The Rebel - Kelsey Clayton



The pain that pierces through my head is the equivalent of being hit with a truck—not that I know what that feels like, but it sounds comparable. You’d think I would learn by now about drinking to the point where I don’t remember my own damn name. However, that’s clearly not the case. My agonizing hangover is proof of that.

I pull a sweatshirt over my head, hoping it’ll help shield me from the light peeking through the blinds. No luck. The only thing I can think of that might save me from this misery is a steaming hot cup of coffee. Taking a couple of Tylenol from my en suite bathroom, I swallow them down and head for the kitchen.

“I don’t know where she is, to be honest.” My father’s voice echoes out into the hall. Ugh. I was really hoping I wouldn’t have to see him today, or at least not until I got some caffeine in me. “One thing I can tell you, though, is she’s going to have to answer to me as soon as she gets home.”

As I turn the corner, the sight of my dad sitting at the island with my Uncle Dominic catches me off guard. He rarely comes over, let alone at ass o’clock on a Sunday morning. Still, I smile politely and try to hide how gross I feel.

“Good morning,” I tell them.

Both their heads turn to me, and my father seems genuinely surprised.

“I’ll be damned.” He focuses back on my uncle. “Hell must have frozen over if we’ve reached a day where Tessa came home and Delaney is the one who stayed out all night.”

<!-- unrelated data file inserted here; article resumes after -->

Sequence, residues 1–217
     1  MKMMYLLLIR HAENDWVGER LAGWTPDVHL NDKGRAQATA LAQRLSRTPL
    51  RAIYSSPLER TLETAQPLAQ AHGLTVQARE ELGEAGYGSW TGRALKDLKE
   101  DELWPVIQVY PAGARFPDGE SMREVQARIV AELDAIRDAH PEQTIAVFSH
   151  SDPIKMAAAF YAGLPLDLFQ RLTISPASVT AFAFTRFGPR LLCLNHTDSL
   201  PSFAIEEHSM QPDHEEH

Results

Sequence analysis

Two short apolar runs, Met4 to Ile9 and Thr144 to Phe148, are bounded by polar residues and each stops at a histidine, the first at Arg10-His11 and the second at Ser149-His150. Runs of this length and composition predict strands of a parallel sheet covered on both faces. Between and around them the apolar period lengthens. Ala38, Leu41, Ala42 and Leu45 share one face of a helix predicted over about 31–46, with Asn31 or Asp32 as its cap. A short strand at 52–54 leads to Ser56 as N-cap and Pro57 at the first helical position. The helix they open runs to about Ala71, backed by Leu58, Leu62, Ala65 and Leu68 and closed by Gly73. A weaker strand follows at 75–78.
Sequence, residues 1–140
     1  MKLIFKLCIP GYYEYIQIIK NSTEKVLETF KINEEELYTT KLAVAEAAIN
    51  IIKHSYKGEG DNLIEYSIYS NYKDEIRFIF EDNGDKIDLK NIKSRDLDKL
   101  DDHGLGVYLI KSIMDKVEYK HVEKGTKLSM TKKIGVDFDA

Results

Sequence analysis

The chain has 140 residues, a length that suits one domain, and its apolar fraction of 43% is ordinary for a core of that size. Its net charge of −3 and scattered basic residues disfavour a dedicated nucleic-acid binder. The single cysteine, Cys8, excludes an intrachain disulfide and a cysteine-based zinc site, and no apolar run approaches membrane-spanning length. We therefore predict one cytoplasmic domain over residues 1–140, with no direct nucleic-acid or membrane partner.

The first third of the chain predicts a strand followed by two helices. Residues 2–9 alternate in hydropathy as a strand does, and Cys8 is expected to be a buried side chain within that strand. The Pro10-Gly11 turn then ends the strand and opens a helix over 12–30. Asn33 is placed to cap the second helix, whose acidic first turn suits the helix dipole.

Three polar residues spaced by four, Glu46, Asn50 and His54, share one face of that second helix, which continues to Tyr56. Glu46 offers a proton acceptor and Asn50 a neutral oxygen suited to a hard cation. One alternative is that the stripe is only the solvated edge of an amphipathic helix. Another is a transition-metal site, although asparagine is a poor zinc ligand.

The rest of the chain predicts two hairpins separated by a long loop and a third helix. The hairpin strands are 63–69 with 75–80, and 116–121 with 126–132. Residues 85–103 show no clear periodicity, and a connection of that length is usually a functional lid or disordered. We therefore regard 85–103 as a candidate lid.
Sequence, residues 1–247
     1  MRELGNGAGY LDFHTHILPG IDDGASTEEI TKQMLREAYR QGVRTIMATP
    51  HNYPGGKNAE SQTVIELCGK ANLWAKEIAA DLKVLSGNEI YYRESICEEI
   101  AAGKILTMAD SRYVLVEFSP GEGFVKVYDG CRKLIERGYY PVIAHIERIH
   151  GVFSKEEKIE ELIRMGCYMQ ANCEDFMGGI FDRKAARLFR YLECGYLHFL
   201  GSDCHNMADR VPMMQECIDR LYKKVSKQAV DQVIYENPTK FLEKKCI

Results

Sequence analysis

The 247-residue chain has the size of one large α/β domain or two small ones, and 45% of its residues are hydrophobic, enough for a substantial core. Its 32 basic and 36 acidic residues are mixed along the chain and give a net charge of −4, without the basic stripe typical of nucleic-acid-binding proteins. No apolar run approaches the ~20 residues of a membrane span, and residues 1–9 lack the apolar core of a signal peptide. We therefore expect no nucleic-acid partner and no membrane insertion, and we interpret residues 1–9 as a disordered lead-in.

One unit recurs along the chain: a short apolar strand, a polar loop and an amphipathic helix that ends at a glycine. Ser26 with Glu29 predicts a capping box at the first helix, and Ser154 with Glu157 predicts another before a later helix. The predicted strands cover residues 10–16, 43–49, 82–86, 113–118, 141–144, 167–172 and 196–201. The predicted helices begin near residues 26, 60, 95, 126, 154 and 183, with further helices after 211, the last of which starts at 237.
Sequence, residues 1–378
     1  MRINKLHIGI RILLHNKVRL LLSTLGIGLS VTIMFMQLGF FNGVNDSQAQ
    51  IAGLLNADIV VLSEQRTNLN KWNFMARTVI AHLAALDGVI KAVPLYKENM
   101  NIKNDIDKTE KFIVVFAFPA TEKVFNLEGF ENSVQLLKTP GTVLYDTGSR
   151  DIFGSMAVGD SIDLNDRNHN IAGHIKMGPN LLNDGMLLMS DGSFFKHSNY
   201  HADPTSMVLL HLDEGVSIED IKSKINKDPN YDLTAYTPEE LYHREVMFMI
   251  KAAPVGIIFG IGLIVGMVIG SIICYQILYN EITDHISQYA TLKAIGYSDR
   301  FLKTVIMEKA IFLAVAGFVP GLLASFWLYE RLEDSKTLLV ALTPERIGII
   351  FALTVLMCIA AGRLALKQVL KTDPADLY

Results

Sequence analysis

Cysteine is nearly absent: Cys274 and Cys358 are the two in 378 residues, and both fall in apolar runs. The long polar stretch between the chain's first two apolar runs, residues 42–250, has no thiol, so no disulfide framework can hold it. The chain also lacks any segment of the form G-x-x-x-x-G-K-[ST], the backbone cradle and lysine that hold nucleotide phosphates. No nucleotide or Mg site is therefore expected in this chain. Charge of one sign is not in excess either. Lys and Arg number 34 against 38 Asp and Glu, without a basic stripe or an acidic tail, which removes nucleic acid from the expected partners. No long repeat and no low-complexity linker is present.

“Delaney didn’t come home?”

Shaking his head, they both stare me down. “You don’t happen to know where she is, do you?”

“No.” Not that I would tell you if I did. “She probably slept over Savannah’s or something.”

Thankfully, my dad lives under a rock. Being too stuck up on his high horse, he has refused to have any kind of conversation with Mrs. Hayworth. If he had, he would know that Sav—Delaney’s best friend—has been living right across the street with Mrs. Hayworth and her son, Savannah’s boyfriend, Grayson. Instead, he’s too absorbed in his own little world to acknowledge anyone else.

“Perhaps. If you talk to her, tell her to get her ass home.” His tone is light but I can sense the threat lingering in his words. “And I better not find out she’s hanging around that scumbag again.”

I roll my eyes, knowing that nothing I say about Knox Vaughn, or anyone from that side of town, will get through to him. Even my own boyfriend isn’t allowed at our house because he doesn’t drive a Porsche and his name doesn’t hold a social standing fit for a king. Although, that doesn’t stop Easton from sneaking in my window late at night. What daddy dearest doesn’t know won’t hurt him.

Uncle Dom clears his throat and stands up. “Well, I came here hoping to take my two favorite nieces out to breakfast, but I can’t exactly do that when one of them is missing.”

“I’m telling Ainsley,” I singsong.

He chuckles. “I bet you will, you little shit.”

My uncle and I have always had a good relationship. He’s the only relative I have that doesn’t treat me like I’m still seven years old and still playing with dolls. It’s something I respect about him. He treats me like the grown-up I’m in the process of becoming.

“Oh well. More food for me.” Plastering a playful smile on my face, I turn to leave the room. “Let me just get dressed and then we can go.”

It only takes a few minutes for me to change my clothes and throw my hair up into a messy bun. Some girls might cringe at the thought of leaving the house without looking like they just left a photo shoot, but I’ve never been like that. Sure, I like to get dolled up occasionally. Who doesn’t? I just don’t feel like I need to put on makeup in order to be seen in public.

By the time I get back downstairs, Uncle Dom is waiting by the front door, exchanging hushed words with my dad. As soon as they see me, the conversation dies immediately, and they brush it off like they aren’t hiding anything. Typical.

“Ready to go?” my uncle asks, and I nod.

Just as I’m about to walk out the door, my father calls my name. “If you hear from your sister, tell her I want her